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Transitioning Cooking Classes for a Virtual Audience

| North Carolina

May 17, 2021

Summary
Cooking classes not only have continued during the pandemic, but the Poe Center for Health Education’s SNAP-Ed cooking programs increased the number of participants by transitioning to virtual platforms. 

Program in CookWELL Kitchen at the Poe Center
Program in CookWELL Kitchen at the Poe Center

Challenge
Typically, the Poe Center hosts nutrition and cooking programs onsite in their CookWELL teaching kitchen. They also travel to educate North Carolinians across the state. When COVID 19 prevented face to face education in March 2020, regular programming ceased, while the need for healthy cooking education increased with people making more meals at home.

Solution
The Poe Center modified traditional in-person cooking classes for a virtual format with live instruction. Poe Center’s May 2020 pilot online cooking program was conducted in partnership with Rick’s Place, a community center for military families in Fayetteville NC. Poe Center and Rick’s Place had partnered previously for Cooking Matters. Through a separate funding source, Rick’s place was able to purchase and distribute the necessary ingredients for a healthy recipe to participating families.     

*“This was so so fun!! Having all the ingredients right here in front of me was the best part because I felt like I was on a cooking show. The food was so tasty and healthy.”

an educator chops vegetables on a zoom call while participants watch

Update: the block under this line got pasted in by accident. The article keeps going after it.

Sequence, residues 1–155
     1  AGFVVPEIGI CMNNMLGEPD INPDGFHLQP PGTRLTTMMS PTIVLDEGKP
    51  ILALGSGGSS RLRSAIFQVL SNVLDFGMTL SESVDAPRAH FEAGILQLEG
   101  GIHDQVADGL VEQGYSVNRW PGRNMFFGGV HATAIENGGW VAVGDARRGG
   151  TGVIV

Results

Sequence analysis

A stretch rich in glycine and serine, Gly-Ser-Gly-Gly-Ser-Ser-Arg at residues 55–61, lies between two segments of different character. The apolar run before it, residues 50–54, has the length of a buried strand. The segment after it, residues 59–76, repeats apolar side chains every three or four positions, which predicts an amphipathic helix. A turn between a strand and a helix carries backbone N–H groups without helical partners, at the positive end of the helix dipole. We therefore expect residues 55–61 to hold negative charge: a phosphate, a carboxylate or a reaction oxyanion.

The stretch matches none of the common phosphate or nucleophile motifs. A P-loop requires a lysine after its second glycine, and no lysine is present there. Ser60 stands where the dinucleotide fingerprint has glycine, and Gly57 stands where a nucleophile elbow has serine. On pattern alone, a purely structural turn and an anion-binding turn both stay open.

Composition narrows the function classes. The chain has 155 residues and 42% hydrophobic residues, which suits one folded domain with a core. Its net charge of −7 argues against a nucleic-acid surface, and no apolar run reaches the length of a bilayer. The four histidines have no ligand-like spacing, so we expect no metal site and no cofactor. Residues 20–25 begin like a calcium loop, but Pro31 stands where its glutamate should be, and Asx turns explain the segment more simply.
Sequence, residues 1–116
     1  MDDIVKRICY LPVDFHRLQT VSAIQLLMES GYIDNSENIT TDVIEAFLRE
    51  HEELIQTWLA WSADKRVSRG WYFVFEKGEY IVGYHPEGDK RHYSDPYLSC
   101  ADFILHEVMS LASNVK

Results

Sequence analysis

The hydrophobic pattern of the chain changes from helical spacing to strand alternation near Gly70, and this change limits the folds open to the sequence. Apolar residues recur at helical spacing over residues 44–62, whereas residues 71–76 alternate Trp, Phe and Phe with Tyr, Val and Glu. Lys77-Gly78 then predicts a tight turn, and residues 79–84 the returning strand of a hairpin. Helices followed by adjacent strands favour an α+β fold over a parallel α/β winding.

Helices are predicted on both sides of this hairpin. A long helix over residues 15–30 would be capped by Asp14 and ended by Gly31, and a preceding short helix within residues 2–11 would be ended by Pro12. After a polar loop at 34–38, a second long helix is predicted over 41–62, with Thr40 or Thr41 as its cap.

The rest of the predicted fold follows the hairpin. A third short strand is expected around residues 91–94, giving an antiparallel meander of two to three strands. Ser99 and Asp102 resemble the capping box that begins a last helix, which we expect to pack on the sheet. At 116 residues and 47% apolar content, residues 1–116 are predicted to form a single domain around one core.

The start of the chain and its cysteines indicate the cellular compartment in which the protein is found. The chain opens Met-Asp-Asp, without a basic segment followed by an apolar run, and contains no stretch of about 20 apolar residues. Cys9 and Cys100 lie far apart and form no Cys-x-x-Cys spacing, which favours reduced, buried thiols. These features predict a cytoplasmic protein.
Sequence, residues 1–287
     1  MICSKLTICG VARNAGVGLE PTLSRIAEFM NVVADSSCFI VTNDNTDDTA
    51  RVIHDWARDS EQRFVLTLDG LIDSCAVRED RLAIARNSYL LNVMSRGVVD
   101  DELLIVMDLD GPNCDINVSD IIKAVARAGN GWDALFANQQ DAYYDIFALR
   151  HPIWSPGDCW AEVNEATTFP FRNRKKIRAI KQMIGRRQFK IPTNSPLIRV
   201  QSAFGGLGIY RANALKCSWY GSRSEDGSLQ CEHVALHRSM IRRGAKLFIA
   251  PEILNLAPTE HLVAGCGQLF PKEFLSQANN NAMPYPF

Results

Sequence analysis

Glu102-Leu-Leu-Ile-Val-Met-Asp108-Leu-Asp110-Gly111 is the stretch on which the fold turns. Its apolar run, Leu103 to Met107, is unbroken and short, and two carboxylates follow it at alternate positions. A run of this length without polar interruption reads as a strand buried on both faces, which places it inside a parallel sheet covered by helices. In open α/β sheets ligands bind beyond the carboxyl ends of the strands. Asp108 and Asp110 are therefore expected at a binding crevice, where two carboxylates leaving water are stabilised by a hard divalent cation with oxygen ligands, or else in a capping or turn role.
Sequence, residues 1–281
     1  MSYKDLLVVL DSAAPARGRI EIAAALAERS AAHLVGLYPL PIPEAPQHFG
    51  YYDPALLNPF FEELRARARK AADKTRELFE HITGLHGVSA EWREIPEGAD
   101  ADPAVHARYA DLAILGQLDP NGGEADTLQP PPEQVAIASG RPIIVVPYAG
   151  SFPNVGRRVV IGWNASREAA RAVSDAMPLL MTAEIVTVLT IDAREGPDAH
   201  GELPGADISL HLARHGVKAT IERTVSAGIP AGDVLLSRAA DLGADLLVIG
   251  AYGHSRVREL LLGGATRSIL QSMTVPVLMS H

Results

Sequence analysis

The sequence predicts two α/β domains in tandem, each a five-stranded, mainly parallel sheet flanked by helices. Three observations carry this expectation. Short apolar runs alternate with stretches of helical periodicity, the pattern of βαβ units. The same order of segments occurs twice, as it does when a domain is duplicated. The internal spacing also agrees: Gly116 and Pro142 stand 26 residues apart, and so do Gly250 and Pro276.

Moving classes to a virtual setting

Participants were children, youth and adults from military families. A virtual Cooking Matters Store tour had been offered prior to the hands-on cooking programs. Participants logged on to a scheduled Zoom session for an interactive nutrition and cooking education program facilitated by Poe Center staff and together prepared the selected recipe. 

*“The instructors had exceptionally clear instructions and were interactive with questions and checking on how everyone was doing.”
  
Poe educators noted multiple advantages of teaching cooking skills with participants in their own homes. The setting of one’s own kitchen is familiar and comfortable. Participants cooking at home fosters a higher level of confidence and accomplishment. Additionally, everyone in the home was able to sample the healthy dishes, not just the program participants.  

*“Very easy and healthy recipes, the food provided was so fresh and delicious.”

a smiling girl holds up a plate with a bagel decorated with fruit

*“It was fun for my kids to help prepare the meal at home and have step by step instructions. My girls enjoyed being able to participate.”

Participants also commented on still having a feeling of connection in the virtual format. The cooking classes at Poe accommodate 10-16 per class, more can participate virtually.  

“Just really really fun and I am so glad you figured out how to get all the food to people and create the Zoom link and all the effort it took to do this for us. I was feeling a bit sad before this, we needed something fun to come along and this made our night.”

Program evaluation results
100% reported enjoying the taste of the food prepared.
91% reported planning to make the food again.

Sustaining Success
The Poe Center is looking forward to continuing the partnership with Rick’s Place and expanding to serve other agencies as well. Cooking programs have been scheduled with Raleigh Parks and Rec, YMCA and Sampson County Center for Health and Wellness Programs are evaluated with pre and post-tests. SNAP-Ed Evaluation Framework Indicators include ST1, ST2, ST4, MT1.


Contact Information
Author Name: Rachel Pohlman
Organization: Poe Center for Health Education, Raleigh NC 27610
Phone Number: 919-231-4006

*Indicates cooking program participant post evaluation quote